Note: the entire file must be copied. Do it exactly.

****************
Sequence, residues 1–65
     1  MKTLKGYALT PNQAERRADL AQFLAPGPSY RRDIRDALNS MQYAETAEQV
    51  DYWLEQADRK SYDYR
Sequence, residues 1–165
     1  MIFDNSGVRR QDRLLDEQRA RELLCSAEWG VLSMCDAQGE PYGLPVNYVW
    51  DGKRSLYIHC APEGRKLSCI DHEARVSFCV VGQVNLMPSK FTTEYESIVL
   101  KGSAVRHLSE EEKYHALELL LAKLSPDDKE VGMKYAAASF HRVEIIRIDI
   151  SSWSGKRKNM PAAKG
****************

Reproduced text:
Sequence, residues 1–65
     1  MKTLKGYALT PNQAERRADL AQFLAPGPSY RRDIRDALNS MQYAETAEQV
    51  DYWLEQADRK SYDYR
Sequence, residues 1–165
     1  MIFDNSGVRR QDRLLDEQRA RELLCSAEWG VLSMCDAQGE PYGLPVNYVW
    51  DGKRSLYIHC APEGRKLSCI DHEARVSFCV VGQVNLMPSK FTTEYESIVL
   101  KGSAVRHLSE EEKYHALELL LAKLSPDDKE VGMKYAAASF HRVEIIRIDI
   151  SSWSGKRKNM PAAKG